Cameron Gray’s work takes its cue from the changing mental space opened by the Internet. Using the Boschian ethos of putting us on the brink of oversaturation, his work incorporates everything from relational aesthetics, 1960s Conceptual practices, performance, video, sculpture, memes, history, 1990s Internet Boom theories, Instagram, juice cleanses, antiquity, and Jean-Francois Lyotard’s 1979 predictions of the Postmodern Condition and the end of grand narratives. Encouraging engagement with his work through user-friendliness and recognizable visual cues culled from current civilization, Cameron’s work comments on the discomfort felt about the culture of ‘sharing’ we live in by mimicking or confronting the way we consume and digest images in the digital Internet age. With an uncanny knack for reflecting then re-contextualizing our narcissistic tendencies of taking selfies, binge-watching reality shows, and obsessing over celebrities, Cameron’s work crisscrosses and bisects our natural predilection to categorize. Whether walking through his ‘tunnel of transformation’ filled with a video linearly 9 stories tall on over 50 TV screens, or viewing his marble works featuring found GIFs alluding to other dimensions and the vast amount of information not yet discovered, we can’t help but marvel at the madness we’ve created, or perhaps what the future may hold.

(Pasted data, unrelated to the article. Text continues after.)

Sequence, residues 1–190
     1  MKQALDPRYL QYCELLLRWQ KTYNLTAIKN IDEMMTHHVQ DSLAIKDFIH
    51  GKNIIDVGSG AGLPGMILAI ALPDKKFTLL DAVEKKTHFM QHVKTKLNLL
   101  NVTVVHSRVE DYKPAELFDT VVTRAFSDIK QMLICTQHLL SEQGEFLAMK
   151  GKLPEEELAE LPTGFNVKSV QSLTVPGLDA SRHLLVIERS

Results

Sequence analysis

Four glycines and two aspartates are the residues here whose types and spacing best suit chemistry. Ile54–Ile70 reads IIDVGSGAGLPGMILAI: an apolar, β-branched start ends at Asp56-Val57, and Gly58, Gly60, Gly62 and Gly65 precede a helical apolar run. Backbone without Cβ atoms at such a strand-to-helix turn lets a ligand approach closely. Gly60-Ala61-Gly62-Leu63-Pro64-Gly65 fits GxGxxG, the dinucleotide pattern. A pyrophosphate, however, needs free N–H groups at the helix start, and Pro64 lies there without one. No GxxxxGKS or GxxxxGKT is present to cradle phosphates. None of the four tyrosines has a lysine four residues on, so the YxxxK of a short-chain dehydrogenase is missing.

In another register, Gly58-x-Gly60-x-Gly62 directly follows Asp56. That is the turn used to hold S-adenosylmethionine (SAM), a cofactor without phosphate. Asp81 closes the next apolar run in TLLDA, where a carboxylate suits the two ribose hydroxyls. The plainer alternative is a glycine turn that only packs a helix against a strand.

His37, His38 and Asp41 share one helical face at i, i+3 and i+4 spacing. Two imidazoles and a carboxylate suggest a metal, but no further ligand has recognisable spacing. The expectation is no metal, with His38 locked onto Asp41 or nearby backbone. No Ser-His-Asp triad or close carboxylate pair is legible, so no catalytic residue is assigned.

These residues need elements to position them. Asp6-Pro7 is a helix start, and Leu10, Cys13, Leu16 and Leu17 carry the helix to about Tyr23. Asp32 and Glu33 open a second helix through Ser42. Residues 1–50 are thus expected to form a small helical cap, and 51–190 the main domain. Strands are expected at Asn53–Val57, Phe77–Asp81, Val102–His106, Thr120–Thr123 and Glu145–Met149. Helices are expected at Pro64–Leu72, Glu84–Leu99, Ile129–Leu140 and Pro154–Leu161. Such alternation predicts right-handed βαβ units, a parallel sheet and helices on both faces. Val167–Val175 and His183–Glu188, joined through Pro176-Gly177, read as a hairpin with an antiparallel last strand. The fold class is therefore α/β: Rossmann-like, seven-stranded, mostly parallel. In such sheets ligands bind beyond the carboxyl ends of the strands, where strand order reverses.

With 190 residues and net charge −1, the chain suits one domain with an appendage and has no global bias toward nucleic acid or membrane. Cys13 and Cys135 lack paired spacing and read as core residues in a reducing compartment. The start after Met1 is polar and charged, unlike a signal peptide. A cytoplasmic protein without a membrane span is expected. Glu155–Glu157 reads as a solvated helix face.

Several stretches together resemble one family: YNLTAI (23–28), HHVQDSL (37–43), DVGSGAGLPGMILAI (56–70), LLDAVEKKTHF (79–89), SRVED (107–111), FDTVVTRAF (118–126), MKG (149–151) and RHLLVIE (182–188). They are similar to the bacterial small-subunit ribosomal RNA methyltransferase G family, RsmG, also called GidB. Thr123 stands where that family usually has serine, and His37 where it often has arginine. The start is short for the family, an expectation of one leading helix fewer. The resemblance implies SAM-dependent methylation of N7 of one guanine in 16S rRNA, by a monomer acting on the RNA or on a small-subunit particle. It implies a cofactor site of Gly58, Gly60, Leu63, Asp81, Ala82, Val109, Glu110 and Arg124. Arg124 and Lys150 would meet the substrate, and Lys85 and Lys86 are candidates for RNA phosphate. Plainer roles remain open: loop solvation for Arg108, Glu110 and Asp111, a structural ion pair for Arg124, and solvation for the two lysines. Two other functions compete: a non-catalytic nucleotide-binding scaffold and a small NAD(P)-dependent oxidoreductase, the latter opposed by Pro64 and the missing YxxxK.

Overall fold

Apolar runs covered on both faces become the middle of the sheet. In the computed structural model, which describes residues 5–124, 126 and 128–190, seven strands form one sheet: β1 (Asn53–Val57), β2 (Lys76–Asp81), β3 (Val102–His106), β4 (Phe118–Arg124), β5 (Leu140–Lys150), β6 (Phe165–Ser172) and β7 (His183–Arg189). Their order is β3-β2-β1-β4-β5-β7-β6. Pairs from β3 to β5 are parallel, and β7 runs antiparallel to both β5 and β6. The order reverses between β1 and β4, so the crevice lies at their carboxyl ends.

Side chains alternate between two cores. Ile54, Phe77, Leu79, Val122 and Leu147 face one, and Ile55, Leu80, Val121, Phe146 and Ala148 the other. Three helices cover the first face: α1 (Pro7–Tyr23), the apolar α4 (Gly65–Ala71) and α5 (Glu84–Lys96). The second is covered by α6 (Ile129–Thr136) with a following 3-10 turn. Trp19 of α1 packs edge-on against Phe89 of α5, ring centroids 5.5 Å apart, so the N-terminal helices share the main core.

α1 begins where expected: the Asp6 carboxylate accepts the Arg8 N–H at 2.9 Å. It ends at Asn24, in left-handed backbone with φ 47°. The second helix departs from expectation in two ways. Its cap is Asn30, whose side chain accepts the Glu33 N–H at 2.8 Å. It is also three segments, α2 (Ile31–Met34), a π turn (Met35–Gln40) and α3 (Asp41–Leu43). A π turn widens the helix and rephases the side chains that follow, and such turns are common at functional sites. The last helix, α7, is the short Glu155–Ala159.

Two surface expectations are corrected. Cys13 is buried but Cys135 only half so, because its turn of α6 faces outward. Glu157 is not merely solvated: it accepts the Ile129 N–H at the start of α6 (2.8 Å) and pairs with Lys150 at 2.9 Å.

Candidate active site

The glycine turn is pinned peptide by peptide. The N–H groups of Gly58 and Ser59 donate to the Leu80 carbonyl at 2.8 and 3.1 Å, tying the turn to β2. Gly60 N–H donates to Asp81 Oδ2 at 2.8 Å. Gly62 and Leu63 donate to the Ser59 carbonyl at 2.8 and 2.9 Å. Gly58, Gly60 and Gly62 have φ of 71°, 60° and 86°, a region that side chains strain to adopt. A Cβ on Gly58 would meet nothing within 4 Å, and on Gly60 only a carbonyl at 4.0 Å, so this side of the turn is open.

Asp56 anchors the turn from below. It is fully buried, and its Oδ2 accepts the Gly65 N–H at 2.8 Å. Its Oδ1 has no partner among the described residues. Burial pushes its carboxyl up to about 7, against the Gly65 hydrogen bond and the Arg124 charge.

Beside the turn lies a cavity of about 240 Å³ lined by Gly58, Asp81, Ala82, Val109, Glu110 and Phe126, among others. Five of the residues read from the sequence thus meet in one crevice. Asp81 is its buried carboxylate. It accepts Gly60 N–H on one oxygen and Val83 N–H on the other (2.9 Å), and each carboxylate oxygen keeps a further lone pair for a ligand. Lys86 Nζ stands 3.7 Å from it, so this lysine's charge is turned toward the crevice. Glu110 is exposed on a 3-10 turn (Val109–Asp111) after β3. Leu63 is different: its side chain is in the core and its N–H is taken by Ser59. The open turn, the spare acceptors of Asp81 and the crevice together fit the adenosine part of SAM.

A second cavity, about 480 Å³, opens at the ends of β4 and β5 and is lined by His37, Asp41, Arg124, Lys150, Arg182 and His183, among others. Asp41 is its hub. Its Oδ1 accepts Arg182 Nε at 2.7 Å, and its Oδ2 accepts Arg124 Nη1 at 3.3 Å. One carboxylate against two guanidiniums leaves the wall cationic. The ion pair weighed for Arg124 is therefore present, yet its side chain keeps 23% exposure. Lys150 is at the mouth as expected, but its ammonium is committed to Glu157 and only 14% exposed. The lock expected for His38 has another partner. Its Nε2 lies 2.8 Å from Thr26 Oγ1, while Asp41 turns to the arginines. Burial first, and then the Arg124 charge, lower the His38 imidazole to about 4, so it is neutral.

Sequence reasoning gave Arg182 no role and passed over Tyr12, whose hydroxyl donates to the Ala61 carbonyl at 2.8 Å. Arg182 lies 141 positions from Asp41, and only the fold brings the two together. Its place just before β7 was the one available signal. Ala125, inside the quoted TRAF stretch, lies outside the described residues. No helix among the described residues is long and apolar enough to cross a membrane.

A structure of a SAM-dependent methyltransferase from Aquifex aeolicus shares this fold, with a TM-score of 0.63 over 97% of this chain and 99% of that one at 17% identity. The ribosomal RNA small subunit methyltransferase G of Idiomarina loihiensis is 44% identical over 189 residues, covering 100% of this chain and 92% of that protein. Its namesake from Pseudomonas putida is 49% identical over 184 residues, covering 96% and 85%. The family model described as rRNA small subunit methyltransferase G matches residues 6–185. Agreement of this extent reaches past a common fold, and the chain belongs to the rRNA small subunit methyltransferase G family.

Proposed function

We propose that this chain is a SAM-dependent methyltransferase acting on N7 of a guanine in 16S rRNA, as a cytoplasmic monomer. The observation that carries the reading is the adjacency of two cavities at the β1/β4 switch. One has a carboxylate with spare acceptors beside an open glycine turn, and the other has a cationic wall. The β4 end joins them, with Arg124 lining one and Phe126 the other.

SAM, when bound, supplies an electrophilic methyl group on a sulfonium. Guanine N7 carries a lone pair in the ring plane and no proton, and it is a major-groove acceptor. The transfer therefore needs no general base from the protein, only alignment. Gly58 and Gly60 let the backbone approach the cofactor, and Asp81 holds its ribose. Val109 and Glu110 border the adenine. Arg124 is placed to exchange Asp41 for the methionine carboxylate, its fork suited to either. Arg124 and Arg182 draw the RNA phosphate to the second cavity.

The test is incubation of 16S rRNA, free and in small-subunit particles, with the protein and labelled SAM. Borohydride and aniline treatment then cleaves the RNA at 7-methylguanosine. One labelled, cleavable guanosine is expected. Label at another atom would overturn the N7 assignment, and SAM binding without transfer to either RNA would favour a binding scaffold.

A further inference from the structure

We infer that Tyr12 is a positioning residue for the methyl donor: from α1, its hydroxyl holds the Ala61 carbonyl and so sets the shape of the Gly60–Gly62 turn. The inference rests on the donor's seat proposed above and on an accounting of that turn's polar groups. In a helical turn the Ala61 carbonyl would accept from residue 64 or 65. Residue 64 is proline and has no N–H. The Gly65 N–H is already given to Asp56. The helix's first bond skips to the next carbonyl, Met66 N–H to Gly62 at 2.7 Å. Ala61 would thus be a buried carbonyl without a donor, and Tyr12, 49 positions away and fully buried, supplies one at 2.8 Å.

Cameron Gray lives and works in California. His motto is “Paypal is the vehicle for my transcendence,” and he can only be reached via beeper where he will collect call you back from the nearest pay phone. He has had solo exhibitions in New York, Paris, and California and has been included in group exhibitions at the Institute of Contemporary Art (London), the Santa Monica Museum of Art (California), among many others. Select permanent collections include the collections of Julia Roberts, Gwen Stefani, and Tommy Hilfiger, as well as museums such as the Dafen Art Museum (Guangdong, China), and the Flint Institute of Arts (Flint, Michigan). His art has been featured on the cover of ARTnews and in The Huffington Post, Artforum’s Critic Picks, Paper Magazine, Purple, Vice, BlackBook, and Art F City among others.